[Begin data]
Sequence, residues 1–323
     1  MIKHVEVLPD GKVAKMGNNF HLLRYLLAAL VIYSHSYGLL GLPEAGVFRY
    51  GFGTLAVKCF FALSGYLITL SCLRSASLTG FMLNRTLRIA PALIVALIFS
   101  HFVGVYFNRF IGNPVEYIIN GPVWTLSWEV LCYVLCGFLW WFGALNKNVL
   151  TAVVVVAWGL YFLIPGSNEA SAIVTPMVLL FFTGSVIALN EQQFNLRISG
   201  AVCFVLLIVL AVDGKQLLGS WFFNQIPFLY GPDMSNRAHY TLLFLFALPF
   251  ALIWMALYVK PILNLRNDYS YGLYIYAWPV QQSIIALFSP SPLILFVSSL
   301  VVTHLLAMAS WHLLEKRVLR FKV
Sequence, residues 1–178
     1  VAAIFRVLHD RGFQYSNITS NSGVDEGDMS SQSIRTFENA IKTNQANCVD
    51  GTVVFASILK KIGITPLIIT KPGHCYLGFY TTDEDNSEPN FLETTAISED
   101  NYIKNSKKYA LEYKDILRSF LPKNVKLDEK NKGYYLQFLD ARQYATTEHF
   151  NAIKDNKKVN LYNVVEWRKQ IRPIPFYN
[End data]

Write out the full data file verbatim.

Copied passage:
Sequence, residues 1–323
     1  MIKHVEVLPD GKVAKMGNNF HLLRYLLAAL VIYSHSYGLL GLPEAGVFRY
    51  GFGTLAVKCF FALSGYLITL SCLRSASLTG FMLNRTLRIA PALIVALIFS
   101  HFVGVYFNRF IGNPVEYIIN GPVWTLSWEV LCYVLCGFLW WFGALNKNVL
   151  TAVVVVAWGL YFLIPGSNEA SAIVTPMVLL FFTGSVIALN EQQFNLRISG
   201  AVCFVLLIVL AVDGKQLLGS WFFNQIPFLY GPDMSNRAHY TLLFLFALPF
   251  ALIWMALYVK PILNLRNDYS YGLYIYAWPV QQSIIALFSP SPLILFVSSL
   301  VVTHLLAMAS WHLLEKRVLR FKV
Sequence, residues 1–178
     1  VAAIFRVLHD RGFQYSNITS NSGVDEGDMS SQSIRTFENA IKTNQANCVD
    51  GTVVFASILK KIGITPLIIT KPGHCYLGFY TTDEDNSEPN FLETTAISED
   101  NYIKNSKKYA LEYKDILRSF LPKNVKLDEK NKGYYLQFLD ARQYATTEHF
   151  NAIKDNKKVN LYNVVEWRKQ IRPIPFYN